In my world it seems obvious that, if employees know they will benefit from the success of the business they work for, they are likely to work harder. In the world of capitalist economics, though, co-operation is supposed to operate as a disincentive. It is cut-throat competition that yields efficiency. But if this were the case we would expect to see businesses like Waitrose failing, whereas in fact they are going from strength to strength.

A recent opinion poll asking about ethical brands reported in the FT shows that British consumeres do make the link between co-operatives and ethical consumption: 'UK shoppers emerged as the most aware, most critical and most likely to see national brands such as Co-op, the financial and retail group, or Innocent, the smoothie drinks brand, as standard-bearers.' Of the top 15 brands four are co-operatives.

As individuals playing our part in the economy we may be fortunate enough to work for a co-operative, or to be able to influence the movement of our place of work into co-operative ownership, or to start a co-operative business. If these options are not available we can at least choose to shop at a co-operative supermarket—Waitrose or the Co-operative—and use mutual banks and building societies—the largest being the Nationwide.This is much more than a token gesture. If we want to live by Gandhi’s maxim that we should ‘be the change we want to see in the world’, then if you want to see a just and co-operative world it is just common sense.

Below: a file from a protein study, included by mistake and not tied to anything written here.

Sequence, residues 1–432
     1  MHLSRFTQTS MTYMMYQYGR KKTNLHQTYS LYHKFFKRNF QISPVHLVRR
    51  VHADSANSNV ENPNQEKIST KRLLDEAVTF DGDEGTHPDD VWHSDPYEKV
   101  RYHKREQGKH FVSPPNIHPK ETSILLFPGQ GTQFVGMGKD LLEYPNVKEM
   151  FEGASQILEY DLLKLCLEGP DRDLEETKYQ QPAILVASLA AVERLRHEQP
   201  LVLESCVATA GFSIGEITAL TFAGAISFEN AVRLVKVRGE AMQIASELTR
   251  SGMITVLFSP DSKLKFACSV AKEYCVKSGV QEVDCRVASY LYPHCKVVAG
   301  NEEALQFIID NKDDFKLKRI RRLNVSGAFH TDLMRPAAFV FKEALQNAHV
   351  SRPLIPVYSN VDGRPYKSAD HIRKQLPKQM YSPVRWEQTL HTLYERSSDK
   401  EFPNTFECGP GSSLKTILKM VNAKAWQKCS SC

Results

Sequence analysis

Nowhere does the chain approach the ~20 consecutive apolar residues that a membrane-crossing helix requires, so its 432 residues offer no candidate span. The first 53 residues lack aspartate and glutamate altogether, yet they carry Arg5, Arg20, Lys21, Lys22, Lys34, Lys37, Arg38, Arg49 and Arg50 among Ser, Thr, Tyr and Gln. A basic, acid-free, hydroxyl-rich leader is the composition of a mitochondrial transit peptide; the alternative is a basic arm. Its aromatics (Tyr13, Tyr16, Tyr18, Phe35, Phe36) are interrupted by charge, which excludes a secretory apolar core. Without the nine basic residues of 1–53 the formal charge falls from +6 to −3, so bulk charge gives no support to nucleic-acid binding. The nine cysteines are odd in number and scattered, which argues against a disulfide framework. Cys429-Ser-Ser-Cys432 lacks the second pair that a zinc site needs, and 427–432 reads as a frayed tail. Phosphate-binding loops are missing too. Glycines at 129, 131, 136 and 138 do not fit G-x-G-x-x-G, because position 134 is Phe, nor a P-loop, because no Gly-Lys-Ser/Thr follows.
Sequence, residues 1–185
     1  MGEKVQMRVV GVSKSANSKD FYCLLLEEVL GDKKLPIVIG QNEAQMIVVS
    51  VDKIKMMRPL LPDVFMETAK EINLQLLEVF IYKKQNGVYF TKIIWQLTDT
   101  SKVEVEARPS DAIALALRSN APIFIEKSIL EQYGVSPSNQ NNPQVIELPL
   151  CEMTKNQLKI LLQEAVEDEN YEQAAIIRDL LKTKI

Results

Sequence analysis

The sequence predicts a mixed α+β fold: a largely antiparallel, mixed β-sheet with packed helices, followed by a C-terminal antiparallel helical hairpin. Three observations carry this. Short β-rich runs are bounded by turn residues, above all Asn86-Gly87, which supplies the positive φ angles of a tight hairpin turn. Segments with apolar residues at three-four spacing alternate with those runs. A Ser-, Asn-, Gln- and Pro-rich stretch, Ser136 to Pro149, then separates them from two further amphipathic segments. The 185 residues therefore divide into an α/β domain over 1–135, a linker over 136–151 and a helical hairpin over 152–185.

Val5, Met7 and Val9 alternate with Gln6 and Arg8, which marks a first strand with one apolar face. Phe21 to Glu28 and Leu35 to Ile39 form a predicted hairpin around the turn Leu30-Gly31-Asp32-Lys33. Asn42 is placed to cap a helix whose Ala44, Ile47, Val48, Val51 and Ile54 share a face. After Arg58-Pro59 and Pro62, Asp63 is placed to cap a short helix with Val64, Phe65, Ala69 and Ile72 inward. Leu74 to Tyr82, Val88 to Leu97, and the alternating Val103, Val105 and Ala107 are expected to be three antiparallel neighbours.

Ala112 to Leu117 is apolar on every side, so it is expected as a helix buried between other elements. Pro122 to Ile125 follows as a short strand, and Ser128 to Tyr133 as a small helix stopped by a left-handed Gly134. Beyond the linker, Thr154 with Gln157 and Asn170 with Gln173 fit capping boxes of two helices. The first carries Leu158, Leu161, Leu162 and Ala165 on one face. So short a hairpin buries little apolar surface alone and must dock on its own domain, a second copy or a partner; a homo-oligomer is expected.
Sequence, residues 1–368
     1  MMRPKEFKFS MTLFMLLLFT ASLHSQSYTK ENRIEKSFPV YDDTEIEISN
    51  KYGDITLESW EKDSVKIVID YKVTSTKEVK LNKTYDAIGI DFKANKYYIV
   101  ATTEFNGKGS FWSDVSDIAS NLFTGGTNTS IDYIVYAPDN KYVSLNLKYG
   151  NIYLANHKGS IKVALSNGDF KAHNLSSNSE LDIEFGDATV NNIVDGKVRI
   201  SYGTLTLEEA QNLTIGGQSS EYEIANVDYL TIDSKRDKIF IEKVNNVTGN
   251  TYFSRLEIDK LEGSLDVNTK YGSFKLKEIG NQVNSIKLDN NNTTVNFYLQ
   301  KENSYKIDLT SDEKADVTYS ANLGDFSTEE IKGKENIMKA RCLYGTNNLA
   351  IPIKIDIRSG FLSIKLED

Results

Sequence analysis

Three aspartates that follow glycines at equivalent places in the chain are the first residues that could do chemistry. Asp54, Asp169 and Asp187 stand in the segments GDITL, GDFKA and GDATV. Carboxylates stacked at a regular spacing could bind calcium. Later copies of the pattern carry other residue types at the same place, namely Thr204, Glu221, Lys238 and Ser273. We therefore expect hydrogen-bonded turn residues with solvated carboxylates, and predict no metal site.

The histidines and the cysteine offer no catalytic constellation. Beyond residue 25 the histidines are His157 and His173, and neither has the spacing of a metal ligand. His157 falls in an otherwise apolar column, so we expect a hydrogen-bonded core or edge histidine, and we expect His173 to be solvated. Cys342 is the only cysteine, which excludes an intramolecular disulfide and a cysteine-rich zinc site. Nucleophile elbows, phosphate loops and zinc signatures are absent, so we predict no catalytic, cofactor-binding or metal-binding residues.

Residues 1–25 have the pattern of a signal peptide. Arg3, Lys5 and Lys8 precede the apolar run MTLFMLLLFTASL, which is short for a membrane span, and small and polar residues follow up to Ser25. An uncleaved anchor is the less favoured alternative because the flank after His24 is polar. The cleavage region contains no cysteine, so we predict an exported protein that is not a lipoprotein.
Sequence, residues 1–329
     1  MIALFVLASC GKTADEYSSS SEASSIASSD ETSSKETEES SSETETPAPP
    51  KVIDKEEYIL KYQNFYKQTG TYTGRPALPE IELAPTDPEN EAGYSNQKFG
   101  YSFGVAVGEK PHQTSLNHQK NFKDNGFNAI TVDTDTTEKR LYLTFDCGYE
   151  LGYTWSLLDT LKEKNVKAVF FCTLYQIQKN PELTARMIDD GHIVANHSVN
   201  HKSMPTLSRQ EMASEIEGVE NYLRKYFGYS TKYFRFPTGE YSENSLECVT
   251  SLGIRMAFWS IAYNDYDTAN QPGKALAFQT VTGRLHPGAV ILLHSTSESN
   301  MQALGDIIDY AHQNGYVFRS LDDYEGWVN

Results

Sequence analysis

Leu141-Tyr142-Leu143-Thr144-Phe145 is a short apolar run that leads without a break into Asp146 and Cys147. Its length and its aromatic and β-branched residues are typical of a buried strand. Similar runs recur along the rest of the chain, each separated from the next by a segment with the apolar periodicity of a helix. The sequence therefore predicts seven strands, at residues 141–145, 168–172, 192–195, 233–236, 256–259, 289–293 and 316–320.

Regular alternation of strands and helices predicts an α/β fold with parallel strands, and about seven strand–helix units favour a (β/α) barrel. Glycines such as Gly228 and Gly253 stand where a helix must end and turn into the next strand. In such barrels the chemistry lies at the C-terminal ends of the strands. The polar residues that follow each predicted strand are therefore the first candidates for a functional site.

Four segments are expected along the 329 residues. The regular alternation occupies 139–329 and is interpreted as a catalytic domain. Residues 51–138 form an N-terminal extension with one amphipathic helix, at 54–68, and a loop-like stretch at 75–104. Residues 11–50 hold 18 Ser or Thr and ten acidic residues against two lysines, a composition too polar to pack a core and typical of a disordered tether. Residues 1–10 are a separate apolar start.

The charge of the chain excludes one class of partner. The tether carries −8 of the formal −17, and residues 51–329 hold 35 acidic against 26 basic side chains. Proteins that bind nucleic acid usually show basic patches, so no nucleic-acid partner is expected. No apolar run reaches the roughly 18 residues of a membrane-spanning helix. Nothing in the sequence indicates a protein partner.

7 March 2007

Defending the poor

Who will defend the rights of the poor within our political system? The yawning gap in terms of power within the economy represented by the increase in inequality is barely challenged by the three political parties that are granted access to the levers of political power in this country. Now that the Liberal Democrats are being taken more seriously they too have abandoned their policy of a minimal increase in the top rate of tax for the richest earners. This demand was always startlingly inadequate: the political demands of those who are pledged to represent the underprivileged are depressingly limited. Why the discussion over whether the top rate of tax should be 40%, 50% or 60% when the rich keep their advantage not through earning but through owning?